Saturday, 4 January 2014

Breaking Brora

Brora 35 year old 1977 (49.9%) - 2013 Special Release 

Copyright - Master of Malt

Reviewing something as divisive as a Diageo Special release can be a political minefield and is certainly not the kind of review you should use to kick off a blog. You'd have to be a complete fool to do that.

If a reviewer drools and simpers over it, they run the risk of being called out as an industry shill. Rip it apart, set it on fire and urinate on the ashes however, they're in real danger of being labelled something much more worrying - a whisky hipster.

Now, I am far from being a reformist, however having sourced this sample from my own pocket (all the while wincing at the price), I feel under no pressure to don a sequinned waistcoat and turn somersaults to the tune of a street organ. Instead, I shall attempt to dissect, assess and sum up as I see fit. Additionally, lest my buttocks be plagued with splinters, I shall attempt to do so with minimal fence-sitting.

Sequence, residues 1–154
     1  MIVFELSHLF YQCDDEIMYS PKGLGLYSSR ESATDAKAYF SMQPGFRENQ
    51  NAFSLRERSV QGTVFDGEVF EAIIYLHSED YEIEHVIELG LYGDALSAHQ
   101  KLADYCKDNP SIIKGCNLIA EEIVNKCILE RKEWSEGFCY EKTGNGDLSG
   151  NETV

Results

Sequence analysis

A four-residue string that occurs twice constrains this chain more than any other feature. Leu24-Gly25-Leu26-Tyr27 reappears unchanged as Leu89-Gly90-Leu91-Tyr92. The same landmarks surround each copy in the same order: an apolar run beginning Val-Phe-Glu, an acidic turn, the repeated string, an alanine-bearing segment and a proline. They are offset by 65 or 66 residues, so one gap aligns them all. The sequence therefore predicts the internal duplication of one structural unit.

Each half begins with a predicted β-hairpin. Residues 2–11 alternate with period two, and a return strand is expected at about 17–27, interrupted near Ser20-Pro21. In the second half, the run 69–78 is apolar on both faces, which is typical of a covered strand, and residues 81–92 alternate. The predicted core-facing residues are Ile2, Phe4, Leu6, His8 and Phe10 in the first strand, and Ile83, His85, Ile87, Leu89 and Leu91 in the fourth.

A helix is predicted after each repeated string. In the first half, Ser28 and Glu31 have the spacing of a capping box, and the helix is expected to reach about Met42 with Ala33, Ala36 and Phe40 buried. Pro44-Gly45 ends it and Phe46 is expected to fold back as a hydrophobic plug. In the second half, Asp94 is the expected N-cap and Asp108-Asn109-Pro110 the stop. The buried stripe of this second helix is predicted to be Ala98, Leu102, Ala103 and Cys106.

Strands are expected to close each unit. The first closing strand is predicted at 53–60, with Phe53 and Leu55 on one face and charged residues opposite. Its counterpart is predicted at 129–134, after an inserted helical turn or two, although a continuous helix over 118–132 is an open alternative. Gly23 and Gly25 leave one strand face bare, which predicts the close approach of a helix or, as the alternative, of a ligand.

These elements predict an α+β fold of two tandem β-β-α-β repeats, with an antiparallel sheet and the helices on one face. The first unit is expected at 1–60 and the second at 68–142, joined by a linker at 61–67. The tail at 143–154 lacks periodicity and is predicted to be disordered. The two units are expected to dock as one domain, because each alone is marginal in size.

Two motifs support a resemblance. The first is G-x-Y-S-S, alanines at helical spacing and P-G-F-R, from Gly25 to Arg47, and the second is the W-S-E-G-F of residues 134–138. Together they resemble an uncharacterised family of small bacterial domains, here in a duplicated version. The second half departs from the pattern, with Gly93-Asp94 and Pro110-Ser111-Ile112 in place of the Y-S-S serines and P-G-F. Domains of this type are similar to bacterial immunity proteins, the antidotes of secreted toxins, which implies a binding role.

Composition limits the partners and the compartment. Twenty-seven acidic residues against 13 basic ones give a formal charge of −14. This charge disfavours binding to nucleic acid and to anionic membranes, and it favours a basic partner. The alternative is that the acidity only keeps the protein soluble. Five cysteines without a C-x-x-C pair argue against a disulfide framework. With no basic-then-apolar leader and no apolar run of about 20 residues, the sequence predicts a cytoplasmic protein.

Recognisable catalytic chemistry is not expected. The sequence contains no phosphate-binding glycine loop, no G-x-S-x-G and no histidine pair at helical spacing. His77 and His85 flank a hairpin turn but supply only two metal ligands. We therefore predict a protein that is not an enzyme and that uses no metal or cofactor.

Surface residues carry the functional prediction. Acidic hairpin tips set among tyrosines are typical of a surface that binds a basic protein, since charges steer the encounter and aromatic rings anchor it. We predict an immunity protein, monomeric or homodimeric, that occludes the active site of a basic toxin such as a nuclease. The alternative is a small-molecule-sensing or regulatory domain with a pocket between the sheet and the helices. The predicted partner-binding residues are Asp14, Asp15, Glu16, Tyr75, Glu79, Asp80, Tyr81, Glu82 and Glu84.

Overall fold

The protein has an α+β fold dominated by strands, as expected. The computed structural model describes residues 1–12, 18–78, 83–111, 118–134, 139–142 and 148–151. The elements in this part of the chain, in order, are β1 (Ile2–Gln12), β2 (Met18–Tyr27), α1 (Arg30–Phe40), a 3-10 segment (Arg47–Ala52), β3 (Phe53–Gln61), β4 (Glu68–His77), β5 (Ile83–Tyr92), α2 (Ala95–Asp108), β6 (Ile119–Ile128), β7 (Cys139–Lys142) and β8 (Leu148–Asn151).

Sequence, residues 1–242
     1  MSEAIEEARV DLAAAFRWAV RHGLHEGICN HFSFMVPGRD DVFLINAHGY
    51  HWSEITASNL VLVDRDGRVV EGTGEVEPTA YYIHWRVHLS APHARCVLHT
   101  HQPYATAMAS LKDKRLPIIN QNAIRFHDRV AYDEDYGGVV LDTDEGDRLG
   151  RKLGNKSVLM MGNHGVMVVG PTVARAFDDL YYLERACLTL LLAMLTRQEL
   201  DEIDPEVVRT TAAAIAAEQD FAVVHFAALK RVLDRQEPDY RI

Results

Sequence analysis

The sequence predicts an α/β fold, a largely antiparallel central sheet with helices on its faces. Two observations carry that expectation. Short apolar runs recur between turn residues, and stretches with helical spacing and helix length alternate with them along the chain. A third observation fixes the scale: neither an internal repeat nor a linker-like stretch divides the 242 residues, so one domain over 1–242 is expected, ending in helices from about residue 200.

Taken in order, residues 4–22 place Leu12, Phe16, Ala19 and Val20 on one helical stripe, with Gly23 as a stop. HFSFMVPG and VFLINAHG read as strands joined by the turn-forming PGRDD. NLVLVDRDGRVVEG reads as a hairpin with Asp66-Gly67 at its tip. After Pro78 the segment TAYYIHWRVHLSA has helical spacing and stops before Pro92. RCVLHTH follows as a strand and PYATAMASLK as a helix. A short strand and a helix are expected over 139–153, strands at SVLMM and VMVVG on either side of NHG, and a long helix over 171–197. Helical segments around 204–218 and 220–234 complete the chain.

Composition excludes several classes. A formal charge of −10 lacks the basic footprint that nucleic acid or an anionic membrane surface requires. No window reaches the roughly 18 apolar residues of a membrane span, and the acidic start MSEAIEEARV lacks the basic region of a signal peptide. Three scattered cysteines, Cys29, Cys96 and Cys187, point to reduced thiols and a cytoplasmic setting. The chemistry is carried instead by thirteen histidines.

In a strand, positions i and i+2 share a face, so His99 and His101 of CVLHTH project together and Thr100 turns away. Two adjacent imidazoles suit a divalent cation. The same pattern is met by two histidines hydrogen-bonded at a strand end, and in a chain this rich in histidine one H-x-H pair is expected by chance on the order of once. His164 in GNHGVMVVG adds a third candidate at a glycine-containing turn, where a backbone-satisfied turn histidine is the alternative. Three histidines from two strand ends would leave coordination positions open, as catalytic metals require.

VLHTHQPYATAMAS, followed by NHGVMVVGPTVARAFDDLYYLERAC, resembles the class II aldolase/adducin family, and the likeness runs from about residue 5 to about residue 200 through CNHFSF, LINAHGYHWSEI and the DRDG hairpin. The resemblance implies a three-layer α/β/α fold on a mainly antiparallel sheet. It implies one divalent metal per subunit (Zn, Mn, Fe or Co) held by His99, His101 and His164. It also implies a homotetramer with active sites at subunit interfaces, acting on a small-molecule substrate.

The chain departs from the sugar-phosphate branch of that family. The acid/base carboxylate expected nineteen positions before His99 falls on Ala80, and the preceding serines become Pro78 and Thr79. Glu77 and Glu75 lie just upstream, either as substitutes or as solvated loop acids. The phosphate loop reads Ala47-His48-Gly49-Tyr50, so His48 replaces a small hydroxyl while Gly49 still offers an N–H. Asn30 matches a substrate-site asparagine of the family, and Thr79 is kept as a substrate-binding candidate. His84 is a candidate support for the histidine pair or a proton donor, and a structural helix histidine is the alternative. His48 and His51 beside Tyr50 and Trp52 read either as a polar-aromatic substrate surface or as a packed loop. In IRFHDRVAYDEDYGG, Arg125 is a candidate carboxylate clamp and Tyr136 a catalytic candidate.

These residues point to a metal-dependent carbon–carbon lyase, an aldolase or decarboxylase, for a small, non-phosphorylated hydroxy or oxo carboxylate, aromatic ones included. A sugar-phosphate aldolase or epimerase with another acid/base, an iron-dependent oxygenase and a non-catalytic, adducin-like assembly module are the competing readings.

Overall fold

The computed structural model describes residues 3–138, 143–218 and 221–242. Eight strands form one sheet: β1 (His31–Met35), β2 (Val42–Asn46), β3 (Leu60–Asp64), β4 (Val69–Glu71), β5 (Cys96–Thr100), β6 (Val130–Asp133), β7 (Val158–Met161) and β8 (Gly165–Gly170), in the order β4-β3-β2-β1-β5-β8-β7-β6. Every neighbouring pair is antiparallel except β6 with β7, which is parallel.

Light, east Highland character akin to aged Clynelish. Floral with an intriguing speck of Indian spice. The merest suggestion of sea spray and smoke.

With water the smoke is softened but more evident. Sweetcure ham and mild soap make an appearance.


Rich and heathery with restrained sherry notes. Floral with a decadent, oily mouthfeel and superbly spiced.

With water the whisky takes a sweeter, spicier turn with white pepper stepping forward and a salty spray creeping in towards the finish. Sweetcure ham becomes smoked bacon and the whole affair loses a touch of complexity.


Restrained but still long. Less Edinburgh tattoo and more Andean panpipes.

Water has an adverse effect on the finish but it remains robust enough to hang around for an encore.


The question I find myself pondering is whether this is worth the hype, the clamour and, ultimately, the price. This retailed originally at circa £750; Lord knows what it would command on the secondary market. There's really no doubt that this is a very good whisky; as good a whisky as any I have tried. However, as a whisky drinker (not an investor), I'd say an aged indy Clynelish could be just as good for a small fraction of the price.

Grade: A     

Stunningly good and an excellent example of East Highland whisky. Cripplingly expensive and an excellent example of current whisky hysteria. Save yourself a fortune and buy an older Clynelish.

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